Verse 18.66 – Bhagavad Gita [ Part 2/2]


18.66सर्वधर्मान्परित्यज्य मामेकं शरणं व्रज।
अहं त्वा सर्वपापेभ्यो मोक्षयिष्यामि मा शुचः।।18.66।।
Meaning: Abandoning all forms of rites and duties, take refuge in Me alone. I shall free you from all sins. (Therefore) do not grieve. [Gambhirananda]. Bhasyam is extensive as it should be [Translation: Gambhirananda]. It discusses four topics.
1 Renunciation of rites and duties
Sarva-dharman includes dhrma (virtuous) and adharma (non-virtuous), i.e., renunciation of all actions as both dhArmic and adhArmic actions are the cause of bondage.  That evil actions have to be given up does not need any explanation. Take refuge in Me, the Self, that exists in all beings without exception. The necessary sAdhnA is to identify with the Self and not with the mind and body. As the Self is action-free, renunciation of virtuous ones follows. Furthermore, as the Self is free from birth, old age, and death, liberation is assured. Arjuna should not grieve if he engages in war and kills friends and foes. He will incur no sin. He who has not the feeling of egoism, whose intellect is not tainted, he does not kill, nor does he become bound even by killing these creatures! (18.17-Gambhirananda)

2 Knowledge is the only means of liberation
In verses 2.47, 4.15, and in 18.41 it is said that the duties of four varnas are classified according to their respective gunas. 18.45 and 18.46 say that a man achieves perfection by devotion to the prescribed duties and treating them as worship. 18.47 says that doing one’s prescribed duty, even if defective in some way, is better than doing work prescribed for others. Thus the BG enjoins action. Since both knowledge and action are compulsory, therefore a doubt may arise that actions, in combination with knowledge as well, may lead to liberation. Bhasyam does a thorough investigation and clarifies that erroneous notions that ‘I am an agent, ‘I work’ are existing from time without beginning. And dispeller of the erroneous notions is Self-knowledge “in the form, ‘I am the absolute, non-agent, free from action and result; there is none else other than myself because when it (Knowledge) arises it dispels the idea of differences which is the cause of engagement in action.” As liberation is not a product, it cannot be the result of action or even action in combination with knowledge. An objector argues that a combination of action with knowledge may work just like eating and Aghnihotra together are possible. Shankara rejects it and counters that there can be no desire to dig a well or pond when there is a flood all around, similarly when knowledge ensures liberation, there is no possibility of any motive for any action and its result.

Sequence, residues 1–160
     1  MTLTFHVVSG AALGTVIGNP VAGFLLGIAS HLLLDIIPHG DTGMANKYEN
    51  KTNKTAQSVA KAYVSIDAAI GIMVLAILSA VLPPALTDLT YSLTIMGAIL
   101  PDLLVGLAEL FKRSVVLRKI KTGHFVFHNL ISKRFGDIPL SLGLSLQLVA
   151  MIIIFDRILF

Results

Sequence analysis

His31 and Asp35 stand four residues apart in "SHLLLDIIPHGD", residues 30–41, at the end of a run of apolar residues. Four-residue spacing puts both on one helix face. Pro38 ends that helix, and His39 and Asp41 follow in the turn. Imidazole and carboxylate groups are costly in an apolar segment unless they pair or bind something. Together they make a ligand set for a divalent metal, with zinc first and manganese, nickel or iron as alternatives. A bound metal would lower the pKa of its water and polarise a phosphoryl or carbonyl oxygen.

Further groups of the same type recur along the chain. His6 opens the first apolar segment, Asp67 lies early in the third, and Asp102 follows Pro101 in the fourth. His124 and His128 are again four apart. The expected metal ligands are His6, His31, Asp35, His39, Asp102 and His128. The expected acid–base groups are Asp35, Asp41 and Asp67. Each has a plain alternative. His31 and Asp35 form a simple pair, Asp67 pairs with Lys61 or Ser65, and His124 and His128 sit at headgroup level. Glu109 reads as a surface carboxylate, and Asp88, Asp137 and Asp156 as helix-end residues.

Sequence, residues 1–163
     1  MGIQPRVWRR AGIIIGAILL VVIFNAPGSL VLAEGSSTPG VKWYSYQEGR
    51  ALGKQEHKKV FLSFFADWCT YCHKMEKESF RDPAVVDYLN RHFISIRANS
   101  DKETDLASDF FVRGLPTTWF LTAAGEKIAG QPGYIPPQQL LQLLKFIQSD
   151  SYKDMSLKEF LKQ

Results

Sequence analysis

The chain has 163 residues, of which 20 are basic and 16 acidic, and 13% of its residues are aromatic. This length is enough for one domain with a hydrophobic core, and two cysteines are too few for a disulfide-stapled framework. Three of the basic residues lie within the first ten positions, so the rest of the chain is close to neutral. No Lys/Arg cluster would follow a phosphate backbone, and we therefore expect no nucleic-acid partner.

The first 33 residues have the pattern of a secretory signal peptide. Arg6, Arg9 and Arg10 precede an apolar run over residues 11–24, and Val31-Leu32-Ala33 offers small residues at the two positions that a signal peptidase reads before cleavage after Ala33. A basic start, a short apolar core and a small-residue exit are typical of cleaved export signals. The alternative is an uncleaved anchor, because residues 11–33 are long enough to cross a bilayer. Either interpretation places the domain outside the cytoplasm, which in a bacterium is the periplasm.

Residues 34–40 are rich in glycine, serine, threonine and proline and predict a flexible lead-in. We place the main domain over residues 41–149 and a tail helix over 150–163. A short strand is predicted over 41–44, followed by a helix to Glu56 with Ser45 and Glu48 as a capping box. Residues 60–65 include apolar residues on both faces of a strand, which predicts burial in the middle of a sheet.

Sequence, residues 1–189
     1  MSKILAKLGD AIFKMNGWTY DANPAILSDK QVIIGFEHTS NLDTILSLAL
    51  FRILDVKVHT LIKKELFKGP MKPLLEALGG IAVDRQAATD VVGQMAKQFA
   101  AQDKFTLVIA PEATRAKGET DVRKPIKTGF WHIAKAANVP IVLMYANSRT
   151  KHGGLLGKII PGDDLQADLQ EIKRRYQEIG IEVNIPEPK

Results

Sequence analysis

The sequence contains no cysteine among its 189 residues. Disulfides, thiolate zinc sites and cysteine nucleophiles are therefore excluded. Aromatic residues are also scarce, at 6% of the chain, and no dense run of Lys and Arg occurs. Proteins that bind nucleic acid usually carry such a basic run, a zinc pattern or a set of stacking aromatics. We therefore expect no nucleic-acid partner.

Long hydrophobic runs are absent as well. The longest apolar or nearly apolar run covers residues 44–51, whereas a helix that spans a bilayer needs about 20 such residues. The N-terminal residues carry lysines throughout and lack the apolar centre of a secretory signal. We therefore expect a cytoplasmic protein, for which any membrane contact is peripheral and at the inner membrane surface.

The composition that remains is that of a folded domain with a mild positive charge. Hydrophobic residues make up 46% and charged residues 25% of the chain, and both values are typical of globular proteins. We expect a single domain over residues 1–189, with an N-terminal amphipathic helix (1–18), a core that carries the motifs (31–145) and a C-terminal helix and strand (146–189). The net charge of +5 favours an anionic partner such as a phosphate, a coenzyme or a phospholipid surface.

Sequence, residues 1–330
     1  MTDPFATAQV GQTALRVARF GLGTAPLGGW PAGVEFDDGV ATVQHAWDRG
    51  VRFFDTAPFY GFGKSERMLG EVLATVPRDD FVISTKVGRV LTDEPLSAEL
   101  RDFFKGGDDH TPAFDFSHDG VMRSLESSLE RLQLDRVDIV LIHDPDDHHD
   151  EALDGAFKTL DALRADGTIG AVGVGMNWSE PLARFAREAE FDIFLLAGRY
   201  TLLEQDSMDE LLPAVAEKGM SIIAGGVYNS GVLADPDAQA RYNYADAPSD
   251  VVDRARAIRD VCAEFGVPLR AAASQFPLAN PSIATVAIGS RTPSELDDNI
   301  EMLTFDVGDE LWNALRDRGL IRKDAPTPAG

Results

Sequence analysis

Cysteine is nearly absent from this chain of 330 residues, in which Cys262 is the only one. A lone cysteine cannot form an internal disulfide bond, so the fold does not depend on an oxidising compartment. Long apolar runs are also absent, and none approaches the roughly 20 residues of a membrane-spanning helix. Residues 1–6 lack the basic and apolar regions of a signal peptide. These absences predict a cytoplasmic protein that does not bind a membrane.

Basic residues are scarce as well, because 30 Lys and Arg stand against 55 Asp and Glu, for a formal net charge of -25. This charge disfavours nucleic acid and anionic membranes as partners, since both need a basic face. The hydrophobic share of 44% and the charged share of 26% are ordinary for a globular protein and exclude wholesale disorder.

3 Nitya and naimitta karmas
An objector says that if obligatory duties (nitya karmas) and occasional duties (naimitta karmas) prescribed by Vedas are not performed then the non-performer incurs sin and goes to hell. And if the action does not lead to liberation, it means that liberation is not possible. A pseudo-vedantin replies: by performing nitya karmas one will not incur sin; by abstaining from nisiddha karmas birth in an undesirable body is ruled out; by not doing kamya-karmas desirable birth is ruled out; and the actions that produced the present body are exhausted by experiencing them in the current life. Therefore, there is no possibility of rebirth. As liberation is eternal, it is attained without effort. When the objector reminds the pseudo-vedantin about sanchita karmas that would cause rebirth, the pseudo-vedantin argues that pain suffered in the performance of nitya-karmas will neutralize sanchita karmas. As expected, the vedantin does not support the pseudo-vedantin. He says that the result of any action which had not become operative at the time of death (to yield its result) cannot be experienced in a life produced by different actions. Furthermore, though the scriptures do prescribe the performance of the nitya-karmas they are meant only for the ignorant. Killing a Brahmin is prohibited, yet under the influence of ignorance, passion, etc, one commits it. so is with nitya, naimitta and kamya actions. The view that the performance of nitya karmas burns sanchita karmas is incorrect.
4 Notions of kartA and bhoktA are not figurative
The objector argues that the statement, namely, identification of ‘I’ with mind-body is figurative as in the case when Veda calls the son as you (father) yourself. The vedantin replies that a figurative notion cannot lead to an effect in the real sense. On the other hand, undesirable effects of false notions are experienced. Identification of ‘I’ with mind-body has harmful consequences; it is not in a secondary sense. It is a false identification. Therefore, notions of kartA and a bhoktA are not figurative. They are wrongly fastened to the Self. [Concluded]